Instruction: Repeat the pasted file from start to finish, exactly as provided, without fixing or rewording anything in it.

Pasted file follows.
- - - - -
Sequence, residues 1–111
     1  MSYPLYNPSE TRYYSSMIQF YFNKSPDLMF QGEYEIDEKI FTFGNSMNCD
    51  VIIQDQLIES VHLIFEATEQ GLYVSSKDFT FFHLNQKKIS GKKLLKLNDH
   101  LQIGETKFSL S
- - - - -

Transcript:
Sequence, residues 1–111
     1  MSYPLYNPSE TRYYSSMIQF YFNKSPDLMF QGEYEIDEKI FTFGNSMNCD
    51  VIIQDQLIES VHLIFEATEQ GLYVSSKDFT FFHLNQKKIS GKKLLKLNDH
   101  LQIGETKFSL S